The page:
And now, they’re like, “So, they ordered investigation. We have no idea. We’re closing.” Can you believe it? We’re closing this case without having the chance of hearing the guy who is recanting because he, he disappeared again. He left. He was a – he left. Anyway, he disappeared.
So, like, there is, there is, there is a, a fundamental problem with that institution which is that it’s, it’s, it’s short-lived. It has to finish its work, you know, within a certain mandate, within a certain time, within a cert-, within a given time with a certain budget, a certain means at its, at, at its disposal which, I think, makes – you cannot start an investigation.
What you should do about that is stop it. We need to start an investigation in the practices of the prosecution, and a big one, okay? Because this is a, this is an incident which I heard. I told you (__) another incident in (_), another trial where they, they were ordered to disclo-, to recall 30 witnesses because of the Prosecutor’s, you know, failure to disclose.
And these witnesses – the, the, the two I’ve been talking about – they have been – we just have the luck to be the 4th person against whom they’re testifying because the first one who was found guilty on the, on the basis amongst other of the evidence of these people . . .
We just have – we’re just lucky enough to have a long trial which, which, which made it so that we had the benefit of all the previous statement and, and to show to a certain extent, you know, the contradictions therein and all of that, and also the, the fact that we’re still under trial when this guy recanted.
But what about the first one? What about the first guy who was, who was convicted on the basis of, of, of such evidence? There, there’s a problem there but – back to sanctions against the Prosecutor and the, and the Chambers, they’re a bit – we have not seen, I think, what should have been done here which is, you know, like something a bit stronger about evaluating whether or not you have still, you know, exculpatory evidence.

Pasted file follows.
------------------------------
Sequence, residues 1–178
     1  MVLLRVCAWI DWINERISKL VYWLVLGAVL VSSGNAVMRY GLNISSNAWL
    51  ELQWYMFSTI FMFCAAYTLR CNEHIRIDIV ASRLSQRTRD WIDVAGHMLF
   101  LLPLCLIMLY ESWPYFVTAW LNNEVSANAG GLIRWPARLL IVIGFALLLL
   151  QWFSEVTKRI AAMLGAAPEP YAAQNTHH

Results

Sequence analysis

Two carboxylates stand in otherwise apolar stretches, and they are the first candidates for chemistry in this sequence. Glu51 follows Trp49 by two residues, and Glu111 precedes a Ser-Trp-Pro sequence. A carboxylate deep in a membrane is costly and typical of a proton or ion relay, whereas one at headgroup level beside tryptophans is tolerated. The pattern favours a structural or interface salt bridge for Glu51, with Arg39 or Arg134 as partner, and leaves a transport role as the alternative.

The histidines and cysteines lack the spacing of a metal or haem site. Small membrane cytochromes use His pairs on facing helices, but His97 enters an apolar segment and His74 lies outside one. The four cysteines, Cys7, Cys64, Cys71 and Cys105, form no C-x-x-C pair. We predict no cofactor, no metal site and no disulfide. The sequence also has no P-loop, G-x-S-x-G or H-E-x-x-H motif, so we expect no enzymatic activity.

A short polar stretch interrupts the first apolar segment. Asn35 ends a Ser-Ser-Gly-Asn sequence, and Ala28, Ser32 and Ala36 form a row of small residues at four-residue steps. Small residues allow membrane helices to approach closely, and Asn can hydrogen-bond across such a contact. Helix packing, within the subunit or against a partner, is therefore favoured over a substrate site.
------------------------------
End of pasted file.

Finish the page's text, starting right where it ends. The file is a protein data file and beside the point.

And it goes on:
It’s, there, the-, it’s, it’s, the, the, there are Canadian cases which says that the, the, the evidence at the di-, disposal of the Prosecutor does not even belong to him, you understand? It belongs to the, the justice system to find out whether that person who’s accused committed or not crimes. It’s not – it’s something which, over which they sort of, you know, revendicate a property and they – it’s very difficult.
For example now what’s starting to dripping out as I was mentioning earlier, is the involvement of the RPF, and statements – these failed investigations which never led to accusations against the RPF leadership were, we-, were not – I don’t know why, (__) I have my own views on that but . . .
And, nevertheless, there was a special unit or whatever of investigators which generated a few statements dealing with, you know, the means, how the RPF was, was, was leading that war. And that’s very interesting because that goes to how, how, you know, our own side – the, the, the other side was leading the war.
And I think it’s so relevant and so important to have access to that sort of evidence. Yet, the chamber doesn’t want to push things back. The tribunal doesn’t want to push things back so they’re trying to sort of not, you know, they’re not going, they’re not going far enough.